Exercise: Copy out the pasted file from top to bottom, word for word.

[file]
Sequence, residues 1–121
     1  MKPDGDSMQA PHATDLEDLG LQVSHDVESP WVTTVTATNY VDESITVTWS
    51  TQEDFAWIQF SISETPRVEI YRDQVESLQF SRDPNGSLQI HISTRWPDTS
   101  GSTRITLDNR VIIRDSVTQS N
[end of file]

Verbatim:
Sequence, residues 1–121
     1  MKPDGDSMQA PHATDLEDLG LQVSHDVESP WVTTVTATNY VDESITVTWS
    51  TQEDFAWIQF SISETPRVEI YRDQVESLQF SRDPNGSLQI HISTRWPDTS
   101  GSTRITLDNR VIIRDSVTQS N